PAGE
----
Meet the Chimps That Lawyers Argue Are People
In a new study, chimpanzees were trained to walk upright. The fine print: They’re also plaintiffs in a landmark lawsuit.
The plaintiffs of a historic lawsuit seeking legal rights for chimpanzees finally made a public appearance—not in court, but in a study on the mechanics of walking on two feet.
The study, published Tuesday in the journal Nature Communications, describes how two chimps trained to walk upright move more like humans than expected, perhaps hinting at the evolutionary origins of our own gait.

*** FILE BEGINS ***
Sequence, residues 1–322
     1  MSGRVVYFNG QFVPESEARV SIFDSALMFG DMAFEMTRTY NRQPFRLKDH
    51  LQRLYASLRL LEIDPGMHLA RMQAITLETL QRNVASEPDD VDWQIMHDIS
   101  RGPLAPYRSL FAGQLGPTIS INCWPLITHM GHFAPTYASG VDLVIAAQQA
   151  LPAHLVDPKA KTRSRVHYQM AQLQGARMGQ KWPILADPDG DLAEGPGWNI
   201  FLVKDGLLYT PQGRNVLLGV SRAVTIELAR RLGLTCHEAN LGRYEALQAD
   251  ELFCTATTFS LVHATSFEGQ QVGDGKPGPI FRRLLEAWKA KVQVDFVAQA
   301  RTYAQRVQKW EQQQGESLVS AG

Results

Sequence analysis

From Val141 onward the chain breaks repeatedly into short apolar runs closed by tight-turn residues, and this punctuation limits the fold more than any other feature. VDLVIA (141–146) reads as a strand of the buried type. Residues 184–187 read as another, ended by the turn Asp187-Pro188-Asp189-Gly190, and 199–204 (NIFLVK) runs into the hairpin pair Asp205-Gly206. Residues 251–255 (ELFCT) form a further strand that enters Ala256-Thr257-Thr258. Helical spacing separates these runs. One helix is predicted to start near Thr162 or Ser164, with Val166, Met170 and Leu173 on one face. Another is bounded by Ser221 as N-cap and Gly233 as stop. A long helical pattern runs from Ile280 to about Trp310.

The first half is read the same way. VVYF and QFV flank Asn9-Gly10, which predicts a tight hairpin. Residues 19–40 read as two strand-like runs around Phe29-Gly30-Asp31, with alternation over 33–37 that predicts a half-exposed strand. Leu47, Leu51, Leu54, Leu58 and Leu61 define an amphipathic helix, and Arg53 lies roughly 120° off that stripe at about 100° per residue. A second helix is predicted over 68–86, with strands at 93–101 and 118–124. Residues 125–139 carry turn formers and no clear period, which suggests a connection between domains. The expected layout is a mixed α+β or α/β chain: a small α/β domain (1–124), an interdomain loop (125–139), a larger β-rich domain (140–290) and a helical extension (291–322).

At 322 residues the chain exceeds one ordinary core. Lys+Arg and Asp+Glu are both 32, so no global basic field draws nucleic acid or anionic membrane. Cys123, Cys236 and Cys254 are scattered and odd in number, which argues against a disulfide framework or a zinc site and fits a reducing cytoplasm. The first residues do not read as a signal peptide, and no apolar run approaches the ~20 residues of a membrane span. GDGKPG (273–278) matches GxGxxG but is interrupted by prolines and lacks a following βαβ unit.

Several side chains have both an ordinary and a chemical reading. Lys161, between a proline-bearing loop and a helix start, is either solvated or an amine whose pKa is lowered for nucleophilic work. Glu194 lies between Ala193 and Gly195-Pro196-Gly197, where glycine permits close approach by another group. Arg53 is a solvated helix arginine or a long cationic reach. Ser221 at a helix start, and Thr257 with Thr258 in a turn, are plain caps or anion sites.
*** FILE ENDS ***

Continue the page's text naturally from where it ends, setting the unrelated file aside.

It hints at so much more. The research was conducted on Hercules and Leo, two 7-year-old chimps kept at the Stony Brook University laboratory of anthropologist Susan Larson. Earlier this summer, these two chimps received worldwide attention when activists with the Nonhuman Rights Project argued in a New York courtroom that Leo and Hercules should legally be